The fiction that I’ve written in recent years now rests on my other website The Pearls of Zapata. I have some favorites. More plugs: The broken staircase, which I’m particularly fond of, The old wolf, and then there are the relatively brief Waco spaceman and the demented Sunny side up.

Some things never landed on The Pearls of Zapata. Instead they got their own websites. There are links in the right-side column. Two are jungle-themed. I think strange things tend to happen in the jungle because it’s hot there, and people go wild in heat.

One is Dark girl in the blue dress and the other is Last night of the iguana.

For many years I’ve wanted to go deep into the jungle, perhaps in Ecuador, and eat ayuhuasca while lying naked, but I never did and cannot imagine that I will now since I’ve gotten rather long in the tooth. Some things are best done when young.

* * * *

My father was a writer, a very good one. He and I shared many traits. He was a newspaper editor, as was I. He retired early, as did I. He was a rather serious dude, as I have become. He drank too much for a long time, as did I. He quit in his mid-50s, as did I. He spent his post-work years writing poetry, settling at last into haiku, where he became quite well known.

He was a life-long left-winger. I am a right-winger. He had no adventuresome spirit while I have lots. His politics were shaped by the Great Depression and witnessing — as a newspaper reporter in the late 1930s — violent, machine-gun-involving, union-busting by fat-cat corporate types.

mugThe 1930s made him while the 1960s, to a lesser degree, made me. The 1930s were miserable times and, looking back, so were the 1960s because they created the self-absorbed, clueless American culture we now see spiraling down the drain hole.

My father died of a heart attack at 75. I am 70, but I feel real good.

How did we wander off to my father? Oh, yes, I like to write, and so did he. Plus, I confessed up top that I never studied structure nor attended writing workshops that might have focused me better. My father did attend workshops and studied structure. Haiku is very structured.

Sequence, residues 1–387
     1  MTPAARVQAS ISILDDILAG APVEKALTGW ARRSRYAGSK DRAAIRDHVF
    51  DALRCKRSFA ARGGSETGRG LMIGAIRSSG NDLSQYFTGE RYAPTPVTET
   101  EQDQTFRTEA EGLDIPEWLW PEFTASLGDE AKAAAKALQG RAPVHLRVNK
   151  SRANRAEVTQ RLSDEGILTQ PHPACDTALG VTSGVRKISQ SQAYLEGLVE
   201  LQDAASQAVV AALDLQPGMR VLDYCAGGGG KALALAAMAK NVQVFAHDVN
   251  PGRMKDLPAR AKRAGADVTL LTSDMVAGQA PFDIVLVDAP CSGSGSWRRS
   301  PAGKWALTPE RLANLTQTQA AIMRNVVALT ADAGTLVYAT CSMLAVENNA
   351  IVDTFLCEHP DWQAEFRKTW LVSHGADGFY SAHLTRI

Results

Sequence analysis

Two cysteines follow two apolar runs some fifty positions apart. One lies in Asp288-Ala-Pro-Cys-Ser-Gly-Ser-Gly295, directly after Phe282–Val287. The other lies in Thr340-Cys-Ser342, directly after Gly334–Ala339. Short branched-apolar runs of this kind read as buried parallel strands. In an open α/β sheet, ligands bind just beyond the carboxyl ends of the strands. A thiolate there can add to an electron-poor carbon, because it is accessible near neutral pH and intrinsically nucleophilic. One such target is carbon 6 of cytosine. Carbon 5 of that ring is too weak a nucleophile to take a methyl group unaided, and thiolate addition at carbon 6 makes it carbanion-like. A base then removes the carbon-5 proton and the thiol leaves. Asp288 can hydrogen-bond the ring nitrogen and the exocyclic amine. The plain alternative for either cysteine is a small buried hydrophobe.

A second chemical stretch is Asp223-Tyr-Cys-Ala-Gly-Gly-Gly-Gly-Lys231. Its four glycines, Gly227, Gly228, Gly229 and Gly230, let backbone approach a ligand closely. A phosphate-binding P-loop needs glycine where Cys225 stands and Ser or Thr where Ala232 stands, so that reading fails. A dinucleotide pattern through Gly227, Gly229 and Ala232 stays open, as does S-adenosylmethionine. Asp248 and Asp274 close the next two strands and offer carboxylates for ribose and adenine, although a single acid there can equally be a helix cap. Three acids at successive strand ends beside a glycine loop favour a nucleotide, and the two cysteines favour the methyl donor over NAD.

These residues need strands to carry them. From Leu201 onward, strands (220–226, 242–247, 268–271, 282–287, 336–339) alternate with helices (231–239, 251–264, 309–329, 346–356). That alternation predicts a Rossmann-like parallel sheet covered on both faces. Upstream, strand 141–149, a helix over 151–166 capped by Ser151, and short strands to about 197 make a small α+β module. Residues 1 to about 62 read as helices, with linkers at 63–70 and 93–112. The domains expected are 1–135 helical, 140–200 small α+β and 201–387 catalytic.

Some time last year, I stopped writing fiction. It was unintentional. The muse deserted me. Perhaps it had something to do with age. Maybe the little gray cells are drying up. I wonder if it’s permanent. Concurrently, I notice that living in a foreign country has ceased to amaze me.

But I still like it very, very much.

We’re going to the Pacific coast tomorrow for a few days. It will be very hot. Perhaps I’ll find some ayahuasca, but I doubt it. I’ll stick to mango snowballs and fried shrimp.

* * * *

(Photo notes: The mugshot is my father though it could almost be me. And what does the photo up top have to do with the post? Nothing at all. Those masks hang in the Hacienda hallway.)

Getting arty

WomanONE OF OUR favorite local artists, a man named Cordero, often sells his work Sundays in the main plaza downtown. We bought this piece yesterday, and I like it very much, the style, the colors, the theme.

It’s a woman indigenous to this area with the clothes they wear. Note the pleated skirt, a dead giveaway of her people.

She’s holding a collection of clay figures, the type often seen in these parts. The themes are wonderful, from demons to devils to old men sitting atop wagons or school buses.

The piece is leaning against a painted table in our living room, so you get an idea of its considerable size.

 

 

street

 

The woman is painted on wood. Cordero doesn’t seem too interested in canvas. Sometimes he paints watercolors, and the style is quite different. We have one of his watercolors, a local street scene, on paper hanging in the bedroom. That’s it to the left.

We’ll be dropping off the work at the top at a frame shop this afternoon. Getting things framed here costs a tiny fraction of what frame shops charge above the Rio Bravo.

It’s just one of millions of reasons why living in Mexico is superior to living in the United States these days, but let’s not rub that in right now.

We have two other works of Cordero, both painted on wood, in the Hacienda. One is a beautifully exotic rendition of a pink datura flower and its leaves. The other is a green jungle scene with two stone masks, the face of one is Cordero himself.

In Mexico, you don’t have to be a millionaire to buy original artwork. Being a cheapskate, I like that.